International studio — 30.1906/​1907(1907)

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The Alexander Young Collection—-II. The Daubignys.

“a misty landscape’


was occasionally uneven, but his most charac- charm which have gained for him a host ot
teristic examples—those by which we prefer to admirers and proclaim his individuality. Tech-
judge him—have an inherent attractiveness and nically, he was better equipped than any of
his confreres, and to the
artist the study of his work
would be a constant source
of assistance were he not so
seldom seen in the public
To those who are not
very familiar with his work
the pictures by his hand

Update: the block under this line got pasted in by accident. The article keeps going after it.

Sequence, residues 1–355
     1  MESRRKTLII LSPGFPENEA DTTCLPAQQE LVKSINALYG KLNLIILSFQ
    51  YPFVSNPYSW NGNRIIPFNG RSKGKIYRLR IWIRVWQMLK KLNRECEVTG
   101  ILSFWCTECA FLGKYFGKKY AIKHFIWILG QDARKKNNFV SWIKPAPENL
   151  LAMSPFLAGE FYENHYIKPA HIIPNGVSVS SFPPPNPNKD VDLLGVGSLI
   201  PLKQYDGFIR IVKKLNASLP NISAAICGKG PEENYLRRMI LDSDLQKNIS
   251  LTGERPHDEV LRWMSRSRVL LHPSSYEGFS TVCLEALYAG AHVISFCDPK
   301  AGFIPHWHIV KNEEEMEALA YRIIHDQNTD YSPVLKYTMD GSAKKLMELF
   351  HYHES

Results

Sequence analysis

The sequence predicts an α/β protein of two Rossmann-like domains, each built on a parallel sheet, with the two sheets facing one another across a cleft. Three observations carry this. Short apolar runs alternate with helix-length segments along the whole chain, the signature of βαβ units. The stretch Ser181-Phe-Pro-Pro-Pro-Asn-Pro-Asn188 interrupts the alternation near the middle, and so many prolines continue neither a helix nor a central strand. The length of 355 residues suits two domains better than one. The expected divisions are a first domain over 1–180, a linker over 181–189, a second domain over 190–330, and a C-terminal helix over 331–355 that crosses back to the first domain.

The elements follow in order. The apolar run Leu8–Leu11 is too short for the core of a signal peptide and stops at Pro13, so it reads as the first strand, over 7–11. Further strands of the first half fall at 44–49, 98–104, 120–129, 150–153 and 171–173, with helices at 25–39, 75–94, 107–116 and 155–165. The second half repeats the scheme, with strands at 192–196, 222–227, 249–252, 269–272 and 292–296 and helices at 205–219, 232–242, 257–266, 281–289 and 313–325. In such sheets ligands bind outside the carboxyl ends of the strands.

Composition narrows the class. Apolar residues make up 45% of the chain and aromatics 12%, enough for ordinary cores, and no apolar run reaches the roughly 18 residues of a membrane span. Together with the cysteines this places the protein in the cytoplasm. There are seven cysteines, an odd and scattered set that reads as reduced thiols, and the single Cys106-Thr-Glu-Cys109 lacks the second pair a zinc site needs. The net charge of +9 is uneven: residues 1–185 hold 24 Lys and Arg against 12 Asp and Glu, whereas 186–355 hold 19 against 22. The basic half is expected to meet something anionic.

in Mr. Alexander Young’s
collection must come as
a revelation, and, as we
have already said, nowhere
else could he be seen to
anything like the same
advantage. The works of
Daubigny had a remark-
able attraction for Mr.
Young, and amongst the
fifty or sixty he acquired
were some of the finest
examples of the various
phases of his art. Many
of them were executed
during his best period,
between i860 and 1874,
after he had overcome the
defects which appear in
some of his earlier works,
and when his remarkable
powers were fully deve-
loped. His simplicity of
method, his breadth and
freedom of execution, his
fine feeling for tone values,
his spontaneity and direct-
ness are well exemplified
in this splendid series of
From a purely decorative
point of view, perhaps the
finest Daubigny in the
collection is The Willow
Trees (page 99). It is
not altogether typical of
the artist’s best-known style,
but it possesses qualities
which mark it as a great
achievement. There is a
certain bigness and spon-
; inundation ” by c. f. daubigny taneity about the compos1-



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